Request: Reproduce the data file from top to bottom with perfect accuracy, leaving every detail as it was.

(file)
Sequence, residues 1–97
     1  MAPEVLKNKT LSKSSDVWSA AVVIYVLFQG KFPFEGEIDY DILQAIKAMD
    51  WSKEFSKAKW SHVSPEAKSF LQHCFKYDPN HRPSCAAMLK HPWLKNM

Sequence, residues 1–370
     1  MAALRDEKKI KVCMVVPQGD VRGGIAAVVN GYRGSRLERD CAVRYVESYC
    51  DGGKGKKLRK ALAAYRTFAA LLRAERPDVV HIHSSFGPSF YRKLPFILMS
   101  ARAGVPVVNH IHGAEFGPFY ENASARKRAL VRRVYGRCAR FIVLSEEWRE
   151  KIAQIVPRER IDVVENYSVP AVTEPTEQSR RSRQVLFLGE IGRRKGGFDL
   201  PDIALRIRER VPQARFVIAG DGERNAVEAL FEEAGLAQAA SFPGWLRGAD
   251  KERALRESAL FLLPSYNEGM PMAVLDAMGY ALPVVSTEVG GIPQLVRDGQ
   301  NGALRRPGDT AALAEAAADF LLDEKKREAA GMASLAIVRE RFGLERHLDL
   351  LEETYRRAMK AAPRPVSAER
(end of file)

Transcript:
Sequence, residues 1–97
     1  MAPEVLKNKT LSKSSDVWSA AVVIYVLFQG KFPFEGEIDY DILQAIKAMD
    51  WSKEFSKAKW SHVSPEAKSF LQHCFKYDPN HRPSCAAMLK HPWLKNM

Sequence, residues 1–370
     1  MAALRDEKKI KVCMVVPQGD VRGGIAAVVN GYRGSRLERD CAVRYVESYC
    51  DGGKGKKLRK ALAAYRTFAA LLRAERPDVV HIHSSFGPSF YRKLPFILMS
   101  ARAGVPVVNH IHGAEFGPFY ENASARKRAL VRRVYGRCAR FIVLSEEWRE
   151  KIAQIVPRER IDVVENYSVP AVTEPTEQSR RSRQVLFLGE IGRRKGGFDL
   201  PDIALRIRER VPQARFVIAG DGERNAVEAL FEEAGLAQAA SFPGWLRGAD
   251  KERALRESAL FLLPSYNEGM PMAVLDAMGY ALPVVSTEVG GIPQLVRDGQ
   301  NGALRRPGDT AALAEAAADF LLDEKKREAA GMASLAIVRE RFGLERHLDL
   351  LEETYRRAMK AAPRPVSAER